Gradually holiday spending blossomed like never before. Between Thanksgiving and Christmas, consumer spending became a driving force for the American economy, often resulting in profits that would make or break a company for the entire year. It wasn't until the mid-1970s that Black Friday, the day after Thanksgiving, was given a name, ultimately becoming the busiest shopping day of the year.
An urgency developed as Black Friday became a phenomenon; whoever got to the store first would get the best deals, so long lines outside big retailers became the norm. This lead to earlier opening times -- after all the early bird gets the worm, or in this case, the big screen TV at half price. Businesses began opening their doors at 5:00 a.m. 2:00 a.m., Thanksgiving night, Thanksgiving evening, then afternoon.
This year, more stores than ever are advertising they will be open all day on Thanksgiving Day. ALL DAY, effectively completing the corruption of Thanksgiving. Who has time for a family meal and giving thanks when there are sales galore and only a limited amount of merchandise to grab before your neighbor can get it?
It's yet another example of society's need and greed, the spectacle of crazed and desperate shoppers buying stuff at a discount, all the while shoving, cursing and sometimes causing injury as they trample each other to save a few dollars. With the Internet now firmly in virtually every American home, stores have posted their online fliers so customers can shop from their easy chair, thus creating another type of furor on Black Friday, or is it now Thursday?
This is the season that should be about counting our many blessings and giving thanks for all things. But sadly we have indeed become a me, me, me society. All too often we think more about money and possessions as the key to happiness while nothing could be farther from the truth. A recent study conducted interviews with multi-millionaires and billionaires. When asked how much more money would it take for you to be truly happy, the answer by the majority was 2-3 times more than I have now. So we must ponder: How much is enough?
True happiness comes with an attitude of gratitude, living each day as if everything was a miracle. Especially at this time of year, instead of focusing on what you want or don't have, focus on what's already present in your life. Research reveals that happiness and well-being can be greatly improved just by practicing gratitude every day. When you focus on being thankful for what you have you become happier, develop a positive attitude and enhance social bonds. The appreciative individual experiences stronger relationships, reduced stress and an all-around healthier life. Even the immune system improves!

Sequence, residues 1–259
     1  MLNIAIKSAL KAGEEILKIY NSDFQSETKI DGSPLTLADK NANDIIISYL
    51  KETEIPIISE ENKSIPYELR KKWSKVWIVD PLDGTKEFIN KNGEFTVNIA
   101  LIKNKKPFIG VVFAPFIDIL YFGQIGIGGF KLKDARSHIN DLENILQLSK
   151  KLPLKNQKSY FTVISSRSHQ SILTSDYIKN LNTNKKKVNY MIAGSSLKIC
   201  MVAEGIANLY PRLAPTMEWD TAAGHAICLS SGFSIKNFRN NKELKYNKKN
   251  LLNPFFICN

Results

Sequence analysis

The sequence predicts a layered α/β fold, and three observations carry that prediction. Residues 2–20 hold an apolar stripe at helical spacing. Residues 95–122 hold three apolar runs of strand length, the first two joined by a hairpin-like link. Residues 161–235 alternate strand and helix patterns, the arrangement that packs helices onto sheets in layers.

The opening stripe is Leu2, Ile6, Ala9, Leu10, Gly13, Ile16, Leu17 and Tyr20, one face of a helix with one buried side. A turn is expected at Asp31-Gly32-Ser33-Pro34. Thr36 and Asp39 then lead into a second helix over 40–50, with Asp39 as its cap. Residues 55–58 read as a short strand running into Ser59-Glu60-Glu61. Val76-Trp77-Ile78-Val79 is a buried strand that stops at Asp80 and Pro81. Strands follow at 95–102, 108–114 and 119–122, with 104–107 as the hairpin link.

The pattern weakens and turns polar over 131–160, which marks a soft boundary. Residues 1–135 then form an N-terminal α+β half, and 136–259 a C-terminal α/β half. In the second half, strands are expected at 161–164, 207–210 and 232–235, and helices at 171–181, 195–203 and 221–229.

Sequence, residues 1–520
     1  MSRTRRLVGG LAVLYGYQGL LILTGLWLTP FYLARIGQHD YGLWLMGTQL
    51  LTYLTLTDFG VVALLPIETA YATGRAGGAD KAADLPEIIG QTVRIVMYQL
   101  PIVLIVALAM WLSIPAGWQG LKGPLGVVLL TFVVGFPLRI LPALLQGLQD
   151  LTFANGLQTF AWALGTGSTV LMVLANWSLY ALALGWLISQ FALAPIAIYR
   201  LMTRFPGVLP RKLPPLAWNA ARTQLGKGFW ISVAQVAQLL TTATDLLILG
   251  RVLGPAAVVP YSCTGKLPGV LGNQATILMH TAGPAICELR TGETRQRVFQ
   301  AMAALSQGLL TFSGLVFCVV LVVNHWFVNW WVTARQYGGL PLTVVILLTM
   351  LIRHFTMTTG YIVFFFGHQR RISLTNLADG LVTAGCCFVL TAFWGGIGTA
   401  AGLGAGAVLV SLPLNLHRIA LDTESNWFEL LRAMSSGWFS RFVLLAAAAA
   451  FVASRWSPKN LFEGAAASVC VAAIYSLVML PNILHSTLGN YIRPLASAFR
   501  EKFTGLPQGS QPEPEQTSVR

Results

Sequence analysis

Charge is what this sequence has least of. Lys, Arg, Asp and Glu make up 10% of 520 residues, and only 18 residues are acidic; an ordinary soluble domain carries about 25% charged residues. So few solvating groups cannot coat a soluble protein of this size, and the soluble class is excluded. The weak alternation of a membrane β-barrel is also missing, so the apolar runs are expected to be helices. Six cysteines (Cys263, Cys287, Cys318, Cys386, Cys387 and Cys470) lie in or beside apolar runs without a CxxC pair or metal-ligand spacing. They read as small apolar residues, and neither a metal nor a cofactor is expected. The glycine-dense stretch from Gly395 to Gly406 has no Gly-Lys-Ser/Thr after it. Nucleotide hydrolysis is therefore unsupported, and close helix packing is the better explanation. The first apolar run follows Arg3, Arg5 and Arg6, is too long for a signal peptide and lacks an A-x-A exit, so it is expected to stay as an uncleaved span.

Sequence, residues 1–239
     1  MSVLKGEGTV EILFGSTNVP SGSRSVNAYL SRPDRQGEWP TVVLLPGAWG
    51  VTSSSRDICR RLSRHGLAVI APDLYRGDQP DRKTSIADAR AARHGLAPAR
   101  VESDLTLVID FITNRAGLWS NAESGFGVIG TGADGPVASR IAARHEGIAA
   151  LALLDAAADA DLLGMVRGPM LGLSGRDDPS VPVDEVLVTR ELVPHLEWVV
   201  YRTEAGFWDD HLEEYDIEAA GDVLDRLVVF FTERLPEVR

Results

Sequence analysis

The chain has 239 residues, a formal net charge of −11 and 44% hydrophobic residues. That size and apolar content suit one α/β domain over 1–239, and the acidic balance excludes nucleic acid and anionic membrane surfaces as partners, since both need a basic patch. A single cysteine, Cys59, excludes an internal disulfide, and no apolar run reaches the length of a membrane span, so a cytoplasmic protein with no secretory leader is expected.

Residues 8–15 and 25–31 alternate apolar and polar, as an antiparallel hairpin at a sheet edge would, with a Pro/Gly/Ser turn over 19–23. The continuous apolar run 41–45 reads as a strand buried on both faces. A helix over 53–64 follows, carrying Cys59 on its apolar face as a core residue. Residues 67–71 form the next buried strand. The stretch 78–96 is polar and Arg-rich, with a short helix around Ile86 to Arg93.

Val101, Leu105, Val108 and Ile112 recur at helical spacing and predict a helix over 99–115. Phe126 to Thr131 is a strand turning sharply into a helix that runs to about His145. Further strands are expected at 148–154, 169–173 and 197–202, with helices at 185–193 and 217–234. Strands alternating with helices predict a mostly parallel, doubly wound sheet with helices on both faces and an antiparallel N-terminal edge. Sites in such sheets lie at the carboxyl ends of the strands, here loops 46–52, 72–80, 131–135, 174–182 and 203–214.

I know what you’re thinking, “I don’t have time for all that!” Well it’s not that hard. Here are two simple ways to focus on gratitude this Thanksgiving holiday:
First on Thanksgiving day or the night before, take some alone time and write down everything you have to be grateful for -- no negatives, only the good. Think you don't have anything to be thankful for? Think again! Parents, family, friends, the gift of sight, sound, smell, taste and touch, heart, lungs, legs and arms. What about the sun, moon and animals! Music, your bed, the roof over your head. Things we take for granted every day are the very things we should embrace. Kindness and goodness are everywhere, but all too often we're so focused on ourselves or the negatives we fail to notice. Writing about these experiences will help you become more aware that there really is good in the world.
Next, after your Thanksgiving meal and before you head to the mall, open up a discussion about giving thanks with your family and friends. Sharing your new-found gratitude can influence others. Yep, it’s actually contagious!
That’s all; it really is that simple. Happy Thanksgiving!